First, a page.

Now these are the generations of Terah. Terah fathered Abram, Nahor, and Haran; and Haran fathered Lot. Haran died in the presence of his father Terah in the land of his kindred, in Ur of the Chaldeans. And Abram and Nahor took wives. The name of Abram’s wife was Sarai, and the name of Nahor’s wife, Milcah, the daughter of Haran the father of Milcah and Iscah. Now Sarai was barren; she had no child. Terah took Abram his son and Lot the son of Haran, his grandson, and Sarai his daughter-in-law, his son Abram’s wife, and they went forth together from Ur of the Chaldeans to go into the land of Canaan, but when they came to Haran, they settled there. The days of Terah were 205 years, and Terah died in Haran.
Now the Lord said to Abram, “Go from your country and your kindred and your father’s house to the land that I will show you. And I will make of you a great nation, and I will bless you and make your name great, so that you will be a blessing. I will bless those who bless you, and him who dishonors you I will curse, and in you all the families of the earth shall be blessed.”
Genesis 11:27 – 12:3 | ESV
With the words, “This is the account of Terah” we now embark on the main story. The prelude of Genesis 1-11 is over, the preliminaries finished, the opening overture complete. The curtain has been raised, and now the play commences. The next “book” of Genesis launches the first act of Salvation’s Play, taking us through the story of Abraham (right up through Genesis 22).
For us, the introductory title can be misleading. “This is the account of Terah.” So Terah is the hero! He’s the one who will do it! After all the mess and sin and confusion, he is the one through whom God will bring redemption. He even has three sons just like Adam. Just like Noah. Yes, we recognize this pattern. We have seen this. We then watch Terah move his family, including his son Abram, the one with the barren wife (loser!), and he heads towards what we know is the Promised Land – center stage, yes!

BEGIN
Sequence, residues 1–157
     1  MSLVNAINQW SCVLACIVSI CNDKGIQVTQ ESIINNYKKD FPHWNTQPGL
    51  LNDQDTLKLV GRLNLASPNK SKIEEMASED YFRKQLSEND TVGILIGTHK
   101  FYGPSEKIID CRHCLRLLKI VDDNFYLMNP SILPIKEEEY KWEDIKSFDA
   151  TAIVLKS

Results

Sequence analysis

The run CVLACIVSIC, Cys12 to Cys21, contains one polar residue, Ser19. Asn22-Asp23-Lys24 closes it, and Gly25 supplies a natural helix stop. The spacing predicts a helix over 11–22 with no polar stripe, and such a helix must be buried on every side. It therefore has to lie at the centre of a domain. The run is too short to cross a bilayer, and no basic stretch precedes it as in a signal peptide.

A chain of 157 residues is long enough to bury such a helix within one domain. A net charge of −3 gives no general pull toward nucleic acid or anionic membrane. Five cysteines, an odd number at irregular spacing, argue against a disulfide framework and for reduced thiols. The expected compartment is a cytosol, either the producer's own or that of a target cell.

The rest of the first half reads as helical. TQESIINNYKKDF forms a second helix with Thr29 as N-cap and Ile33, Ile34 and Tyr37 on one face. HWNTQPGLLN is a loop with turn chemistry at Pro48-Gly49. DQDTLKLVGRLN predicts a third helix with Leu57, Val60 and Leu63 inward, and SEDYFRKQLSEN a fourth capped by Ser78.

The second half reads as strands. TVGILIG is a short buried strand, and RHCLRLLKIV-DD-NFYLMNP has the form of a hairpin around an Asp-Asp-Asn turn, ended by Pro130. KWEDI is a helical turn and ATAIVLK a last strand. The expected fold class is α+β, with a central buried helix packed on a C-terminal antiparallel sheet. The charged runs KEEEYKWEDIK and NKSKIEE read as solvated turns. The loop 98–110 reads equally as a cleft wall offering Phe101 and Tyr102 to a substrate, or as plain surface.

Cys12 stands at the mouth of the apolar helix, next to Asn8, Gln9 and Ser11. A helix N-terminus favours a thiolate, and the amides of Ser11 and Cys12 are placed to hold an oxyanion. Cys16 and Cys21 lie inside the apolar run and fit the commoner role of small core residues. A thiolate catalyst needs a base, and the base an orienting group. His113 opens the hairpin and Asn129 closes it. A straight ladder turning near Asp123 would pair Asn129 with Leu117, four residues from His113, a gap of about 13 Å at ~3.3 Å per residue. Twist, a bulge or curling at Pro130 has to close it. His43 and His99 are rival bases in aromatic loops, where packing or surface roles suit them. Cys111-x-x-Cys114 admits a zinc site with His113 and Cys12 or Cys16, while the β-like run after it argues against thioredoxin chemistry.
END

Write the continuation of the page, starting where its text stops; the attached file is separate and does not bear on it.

We watch as Terah approaches center stage, poised for what we are sure will be a decisive moment in salvation history…and he dies.
Right before he gets there.
Has the play been stopped?
No, wait. It wasn’t Terah at all. Well, it was, but it wasn’t. It was his son. Which one? The one with the barren wife. The one with no kids. The one with the name filled with bitter irony and pain: Abram. “Exalted Father.” The father with no children. Yes, God says. That’s the one through whom I will do this.
Lekh lekha – Go, Abram, Go.
Journey on to the land I will show you. Nimrod the Rebel thought his name was great; humanity in building their pathetic tower thought they could make their name great, those builders who shall remain unnamed. But I will make your name great. Those who curse you I will curse; those who bless you I will bless. And everyone – every family, every tribe, every clan, every nation, every generation – everyone will be blessed through you.
Lekh lekha – Go, Abram, Go.
Leave the cities of man. Go to the land I will show you. And you will see it all go into motion through each step of faith you take.
Go on, Abram, Go.
And the exalted father with no kids steps onto center stage.
And the journey begins…
What lekh lekha “get going” moment have you faced in your life most recently when you were radically challenged to pick up and go when it really didn’t make much sense? What did you do?
Unseen God, loosen my grip on supposed on safe, secure and oh-so-visible supports and give me the courage to set my foot out the door into the wide world as you summon me to discover my own unseen land over this horizon of faith. Through Christ.